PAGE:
What do you think about the new Twitter Custom Profiles feature? Can you see your support team using it?


Let us know in the comments.


Khoros Alumni (Retired)

An interesting logical reaction to the bot hype and an evolution of the "^CR" approach to sign on Twitter. I'm curious to learn what impact T-Mobile will see on their channel CSAT ratings as a result.


@LeslieJ The one thing I didn't quite understand from Twitter's blog: Are these "Custom Profiles" normal Twitter accounts that are then associated to the business' handle? Or are the agent profiles created within the brand's account and only exist in their DM context?

Lithium Alumni (Retired)

@ClaudiusH you're correct, it will be interesting to see how this translate to overall customer satisfaction!


The custom profiles for each agent are enabled by Lithium within the brand's Twitter account and they only show for DMs today. Twitter does not allow for brands to use bots in the public forum, so as long as brands are abiding by Twitter's TOS, customers should always be interacting with humans in a public forum and there should be no confusion there. 


@LeslieJ, very interesting development. Do I understand correctly that if we register on the link provided and are given access by Twitter, we can immediately start using this feature through Lithium Response?

Khoros Oracle

@Jochen You are correct, custom profiles are available through Lithium Response pending Twitter approval for access. 

Khoros Oracle

@ClaudiusH The custom profiles aren't actual Twitter accounts. Instead, they are new entities on Twitter (containing a name and profile image) that are associated with a handle (many-to-one), with a unique identifier. We then associate these custom profiles with users (agents) in Response, with each user having one of unique identifiers mapped to them. Once this is done, any Twitter DM responses sent by that user will include the custom profile id and Twitter will then use the information to personalize the DM rendering.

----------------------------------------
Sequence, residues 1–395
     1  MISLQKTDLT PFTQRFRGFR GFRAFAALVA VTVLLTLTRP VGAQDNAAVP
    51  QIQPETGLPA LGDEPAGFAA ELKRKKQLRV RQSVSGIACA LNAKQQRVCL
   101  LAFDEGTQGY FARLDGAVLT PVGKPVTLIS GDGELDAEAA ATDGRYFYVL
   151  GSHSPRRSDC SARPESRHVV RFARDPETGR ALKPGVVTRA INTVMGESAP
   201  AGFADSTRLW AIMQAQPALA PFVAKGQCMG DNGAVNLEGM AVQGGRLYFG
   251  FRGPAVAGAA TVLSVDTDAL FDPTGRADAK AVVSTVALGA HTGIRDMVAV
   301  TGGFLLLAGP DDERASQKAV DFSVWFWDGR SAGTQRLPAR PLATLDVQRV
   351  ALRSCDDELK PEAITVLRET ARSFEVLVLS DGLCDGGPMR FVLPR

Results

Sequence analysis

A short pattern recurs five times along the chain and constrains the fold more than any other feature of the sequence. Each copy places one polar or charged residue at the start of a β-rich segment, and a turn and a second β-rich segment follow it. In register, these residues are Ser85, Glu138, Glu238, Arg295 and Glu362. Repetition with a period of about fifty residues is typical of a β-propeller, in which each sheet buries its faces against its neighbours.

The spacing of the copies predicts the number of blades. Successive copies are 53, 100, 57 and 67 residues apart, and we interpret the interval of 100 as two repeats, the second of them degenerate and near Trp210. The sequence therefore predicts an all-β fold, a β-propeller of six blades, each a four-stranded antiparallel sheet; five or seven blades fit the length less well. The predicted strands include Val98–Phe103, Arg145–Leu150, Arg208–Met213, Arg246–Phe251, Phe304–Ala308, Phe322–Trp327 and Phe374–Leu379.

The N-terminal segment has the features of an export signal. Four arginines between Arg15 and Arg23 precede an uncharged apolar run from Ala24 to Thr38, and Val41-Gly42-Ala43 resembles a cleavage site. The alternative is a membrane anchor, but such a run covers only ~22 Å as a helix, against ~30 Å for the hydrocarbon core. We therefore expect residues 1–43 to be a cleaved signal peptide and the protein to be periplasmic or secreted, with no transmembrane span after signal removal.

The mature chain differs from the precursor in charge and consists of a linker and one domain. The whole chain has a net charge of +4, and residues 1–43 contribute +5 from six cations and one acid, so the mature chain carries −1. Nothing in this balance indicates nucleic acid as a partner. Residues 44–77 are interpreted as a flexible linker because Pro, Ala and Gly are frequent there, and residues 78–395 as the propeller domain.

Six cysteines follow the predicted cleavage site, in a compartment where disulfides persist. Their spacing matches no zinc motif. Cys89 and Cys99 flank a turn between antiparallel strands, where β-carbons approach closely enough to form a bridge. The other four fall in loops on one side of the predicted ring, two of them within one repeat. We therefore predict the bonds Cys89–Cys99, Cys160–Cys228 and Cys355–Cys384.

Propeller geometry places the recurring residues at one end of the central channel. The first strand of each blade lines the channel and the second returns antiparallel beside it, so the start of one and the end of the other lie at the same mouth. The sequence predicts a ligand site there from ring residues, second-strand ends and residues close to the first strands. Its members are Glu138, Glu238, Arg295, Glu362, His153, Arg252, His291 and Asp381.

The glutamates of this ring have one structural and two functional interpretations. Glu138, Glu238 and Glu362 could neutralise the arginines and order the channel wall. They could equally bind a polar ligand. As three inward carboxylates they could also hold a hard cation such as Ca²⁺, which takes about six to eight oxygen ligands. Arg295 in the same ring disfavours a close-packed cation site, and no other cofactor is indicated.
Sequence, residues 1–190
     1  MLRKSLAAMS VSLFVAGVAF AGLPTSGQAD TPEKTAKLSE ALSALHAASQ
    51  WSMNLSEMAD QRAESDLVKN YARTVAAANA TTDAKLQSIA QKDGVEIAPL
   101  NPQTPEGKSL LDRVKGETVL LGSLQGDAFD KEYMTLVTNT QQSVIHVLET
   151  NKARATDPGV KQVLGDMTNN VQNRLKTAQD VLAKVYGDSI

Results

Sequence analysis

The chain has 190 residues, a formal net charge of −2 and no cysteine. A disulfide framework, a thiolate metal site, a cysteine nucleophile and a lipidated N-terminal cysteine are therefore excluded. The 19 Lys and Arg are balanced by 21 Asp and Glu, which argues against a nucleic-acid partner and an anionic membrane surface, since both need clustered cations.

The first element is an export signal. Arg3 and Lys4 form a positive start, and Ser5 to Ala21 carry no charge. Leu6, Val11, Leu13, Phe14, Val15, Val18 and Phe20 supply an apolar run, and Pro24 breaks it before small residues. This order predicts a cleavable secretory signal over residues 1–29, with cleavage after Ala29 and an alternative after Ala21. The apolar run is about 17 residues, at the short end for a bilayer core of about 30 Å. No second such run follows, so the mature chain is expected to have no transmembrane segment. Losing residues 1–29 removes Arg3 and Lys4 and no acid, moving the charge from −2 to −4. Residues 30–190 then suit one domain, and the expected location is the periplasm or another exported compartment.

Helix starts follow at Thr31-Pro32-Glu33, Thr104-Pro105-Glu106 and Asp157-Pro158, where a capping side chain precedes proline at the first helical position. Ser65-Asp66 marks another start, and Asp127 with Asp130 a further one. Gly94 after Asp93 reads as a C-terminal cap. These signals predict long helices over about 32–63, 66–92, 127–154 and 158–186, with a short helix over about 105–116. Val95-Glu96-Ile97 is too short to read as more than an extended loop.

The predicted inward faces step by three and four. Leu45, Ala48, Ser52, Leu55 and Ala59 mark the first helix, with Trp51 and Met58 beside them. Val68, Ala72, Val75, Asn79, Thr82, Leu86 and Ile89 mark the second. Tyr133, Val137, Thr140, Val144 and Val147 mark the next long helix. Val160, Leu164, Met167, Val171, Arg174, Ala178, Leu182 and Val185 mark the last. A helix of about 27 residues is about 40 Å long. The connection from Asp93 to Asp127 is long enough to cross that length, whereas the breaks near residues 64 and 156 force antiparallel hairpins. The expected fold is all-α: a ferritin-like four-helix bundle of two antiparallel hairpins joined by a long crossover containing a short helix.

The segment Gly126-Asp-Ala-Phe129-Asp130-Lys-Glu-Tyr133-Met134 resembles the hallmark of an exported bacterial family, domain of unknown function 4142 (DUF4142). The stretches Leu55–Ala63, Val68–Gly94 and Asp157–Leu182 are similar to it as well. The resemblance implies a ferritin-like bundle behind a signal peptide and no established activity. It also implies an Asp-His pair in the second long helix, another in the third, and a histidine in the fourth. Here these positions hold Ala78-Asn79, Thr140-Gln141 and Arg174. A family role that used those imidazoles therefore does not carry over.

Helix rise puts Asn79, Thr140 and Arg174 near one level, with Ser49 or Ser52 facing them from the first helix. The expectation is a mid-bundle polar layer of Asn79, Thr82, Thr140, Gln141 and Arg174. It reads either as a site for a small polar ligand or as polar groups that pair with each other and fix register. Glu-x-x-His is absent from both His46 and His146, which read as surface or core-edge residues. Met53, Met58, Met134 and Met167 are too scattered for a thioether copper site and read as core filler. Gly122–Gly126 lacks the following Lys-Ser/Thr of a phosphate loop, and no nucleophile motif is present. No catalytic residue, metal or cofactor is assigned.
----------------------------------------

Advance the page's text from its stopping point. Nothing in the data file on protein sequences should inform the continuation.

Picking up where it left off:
I see in the example picture that the agent's surname is visible as well. Is it possible to configure this in such way that it only shows the first name? Want to protect the agent's identity / privacy. 

Khoros Oracle

@Jochen The "name" field is customizable text (up to 48 characters), so you can set it up however you want, including adding a title or similar (e.g. "JoeC, social media specialist").



@SheetalK - do you have any idea maybe as to how long it takes before Twitter responds? I've filled in the webform, but haven't received any reply whatsoever (no confirmation of filling in the form either). 

Khoros Oracle

@Jochen While I don't know when Twitter might response, I am happy to follow up on the request through our partner contact at Twitter for this. It would be helpful if you can send me an email ( with specifics on the request you sent to Twitter (I realize you don't have any confirmation number or email).


Khoros Oracle

@Jochen The May 2017 release lets you create and manage Custom Profiles directly from Response. I have confirmed that your brand handle is already whitelisted by Twitter, so you should be able to start using this now. Let me know if you have any questions.